National Koi Day Date in the current year: July 7, 2024

National Koi Day National Koi Day is a fun holiday celebrating fascinating fish that are bred and kept for decorative purposes. It is celebrated annually on July 7.

Koi are colored varieties of carp kept for ornamental purposes that originated in Japan. They are the domesticated form of the Amur carp, widespread in the fresh waters of East Asia from the Amur to Red River basins. It may be hard to believe, but these large fish are close relatives of the goldfish, kept by aquarium enthusiasts around the globe.

It is unclear when the Amur carp was introduced to Japan from China, but mentions of differently colored carp fish (red, blue, black, white, yellow) can be found in classical Japanese texts such as the Nihon Shoki (The Chronicles of Japan). However, it is believed that these unusual colors were the result of a mutation rather than selective breeding.

The systematic breeding of koi fish began in the 1820s in Niigata Prefecture, where Amur carp were originally farmed for food. At first, farmers bred red and white carp in addition to black carp, and then crossed them to produce red and white colored fish. After that, they further crossed them to create more different varieties. Colored koi became popular around the 1870s, and the first koi breeds were officially recognized in the early 20th century. Over the years, koi have become a poplar symbol of Japanese culture and aesthetics. In their native Japan, they are associated with good fortune, prosperity, luck, and perseverance in the face of adversity.

Today, there are more then a hundred koi varieties distinguished by coloration, patterning, and scalation; they are classified into 16 groups. The major koi varieties include Kōhaku (white with red markings), Showa (black with red and white markings), Sanke (white with red and black markings), Bekkō (red, white or yellow with black markings), Utsurimono (black with red, white or yellow markings in a zebra pattern), and others. Kōhaku, Showa and Sanke are collectively known as the Big Three (Gosanke). Koi are very hardy fish that are kept in outdoor ponds and aquatic gardens around the world, especially in the equatorial regions, where outdoor water gardens are common.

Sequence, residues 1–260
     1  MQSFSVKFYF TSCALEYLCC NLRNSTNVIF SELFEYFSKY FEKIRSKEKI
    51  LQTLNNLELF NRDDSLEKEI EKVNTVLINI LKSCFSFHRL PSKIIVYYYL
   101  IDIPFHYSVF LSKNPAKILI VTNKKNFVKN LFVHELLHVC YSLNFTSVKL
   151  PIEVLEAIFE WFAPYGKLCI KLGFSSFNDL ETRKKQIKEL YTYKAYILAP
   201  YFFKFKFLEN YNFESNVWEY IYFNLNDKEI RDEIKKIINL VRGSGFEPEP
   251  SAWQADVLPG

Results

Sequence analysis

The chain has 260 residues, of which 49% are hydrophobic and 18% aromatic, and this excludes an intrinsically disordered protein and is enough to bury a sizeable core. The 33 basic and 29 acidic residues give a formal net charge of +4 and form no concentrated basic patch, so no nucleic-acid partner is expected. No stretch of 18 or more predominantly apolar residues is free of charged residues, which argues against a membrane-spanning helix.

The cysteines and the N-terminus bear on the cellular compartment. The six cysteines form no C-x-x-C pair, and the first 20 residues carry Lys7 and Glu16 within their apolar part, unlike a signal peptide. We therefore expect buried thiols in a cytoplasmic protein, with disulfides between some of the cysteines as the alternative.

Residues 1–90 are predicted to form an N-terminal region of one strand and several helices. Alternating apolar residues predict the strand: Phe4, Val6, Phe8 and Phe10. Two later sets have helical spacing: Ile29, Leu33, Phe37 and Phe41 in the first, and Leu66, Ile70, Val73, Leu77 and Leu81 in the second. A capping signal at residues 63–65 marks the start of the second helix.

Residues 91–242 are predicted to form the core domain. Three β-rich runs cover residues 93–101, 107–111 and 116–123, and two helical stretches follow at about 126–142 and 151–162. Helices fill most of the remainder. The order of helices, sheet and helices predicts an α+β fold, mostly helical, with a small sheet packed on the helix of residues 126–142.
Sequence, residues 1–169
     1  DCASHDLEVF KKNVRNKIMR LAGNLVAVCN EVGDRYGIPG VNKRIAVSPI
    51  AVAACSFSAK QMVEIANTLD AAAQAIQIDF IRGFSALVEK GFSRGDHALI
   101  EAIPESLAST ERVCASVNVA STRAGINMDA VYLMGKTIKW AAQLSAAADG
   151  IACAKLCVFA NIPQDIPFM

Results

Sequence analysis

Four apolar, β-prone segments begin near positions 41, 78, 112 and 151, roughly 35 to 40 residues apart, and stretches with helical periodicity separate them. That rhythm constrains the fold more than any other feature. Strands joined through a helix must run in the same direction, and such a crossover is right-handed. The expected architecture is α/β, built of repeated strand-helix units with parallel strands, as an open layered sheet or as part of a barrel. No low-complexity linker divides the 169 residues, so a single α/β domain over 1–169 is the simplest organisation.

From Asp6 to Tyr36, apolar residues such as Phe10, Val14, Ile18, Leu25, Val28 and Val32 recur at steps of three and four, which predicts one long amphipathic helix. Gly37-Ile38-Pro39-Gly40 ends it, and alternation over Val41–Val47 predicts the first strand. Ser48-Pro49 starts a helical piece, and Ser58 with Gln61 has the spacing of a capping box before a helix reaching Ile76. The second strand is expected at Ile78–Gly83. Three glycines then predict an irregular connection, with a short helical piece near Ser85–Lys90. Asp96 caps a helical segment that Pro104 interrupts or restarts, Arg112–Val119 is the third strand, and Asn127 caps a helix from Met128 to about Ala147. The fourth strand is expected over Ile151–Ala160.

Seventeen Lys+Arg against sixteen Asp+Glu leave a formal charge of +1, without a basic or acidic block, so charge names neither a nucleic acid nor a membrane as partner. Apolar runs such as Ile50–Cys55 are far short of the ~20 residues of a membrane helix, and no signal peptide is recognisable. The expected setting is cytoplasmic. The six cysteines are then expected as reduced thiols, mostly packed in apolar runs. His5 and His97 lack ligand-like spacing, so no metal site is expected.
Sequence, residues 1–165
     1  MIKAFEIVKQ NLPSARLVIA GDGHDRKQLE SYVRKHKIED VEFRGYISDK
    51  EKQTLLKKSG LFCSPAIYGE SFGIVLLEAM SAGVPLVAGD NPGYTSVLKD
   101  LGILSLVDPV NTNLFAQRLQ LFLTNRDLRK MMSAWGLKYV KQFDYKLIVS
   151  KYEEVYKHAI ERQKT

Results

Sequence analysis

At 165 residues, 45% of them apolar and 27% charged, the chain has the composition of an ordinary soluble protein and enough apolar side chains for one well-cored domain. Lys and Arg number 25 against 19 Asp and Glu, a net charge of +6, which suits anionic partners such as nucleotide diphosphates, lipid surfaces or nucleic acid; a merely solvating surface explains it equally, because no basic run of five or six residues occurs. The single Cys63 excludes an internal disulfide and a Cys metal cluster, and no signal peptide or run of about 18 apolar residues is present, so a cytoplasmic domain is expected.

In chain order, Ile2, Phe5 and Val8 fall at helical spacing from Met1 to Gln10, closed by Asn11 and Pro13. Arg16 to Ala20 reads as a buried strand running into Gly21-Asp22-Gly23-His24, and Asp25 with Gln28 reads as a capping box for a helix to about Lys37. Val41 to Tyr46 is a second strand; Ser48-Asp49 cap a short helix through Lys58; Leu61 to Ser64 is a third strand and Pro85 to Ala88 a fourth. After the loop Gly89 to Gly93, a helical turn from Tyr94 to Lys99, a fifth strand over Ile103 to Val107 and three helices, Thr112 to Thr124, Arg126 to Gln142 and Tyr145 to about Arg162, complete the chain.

It is unclear who and when came up with the idea of celebrating National Koi Day, but the choice of the date makes sense. July 7 is the death anniversary of Hanako, a scarlet koi fish who is believed to have lived for more that two hundred years (the average Japanese koi’s lifespan is about 40-50 years, less for koi fish bred outside of Japan). Hanako’s age was determined by extensive analysis of her scales; she died on July 7, 1977 at 226 years old and is considered to be the longest-living koi fish ever recorded.

There are many ways to celebrate National Koi Day. You can learn interesting facts about koi fish and their symbolism in Japanese culture, visit a koi pond or koi farm near you, watch videos about koi fish on YouTube and TikTok, and post fish pictures on social media with the hashtag #NationalKoiDay to spread the word about the holiday.

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Unofficial Holidays



National Koi Day, unofficial holidays, observances in the United States, koi fish, colored carp, decorative carp, ornamental carp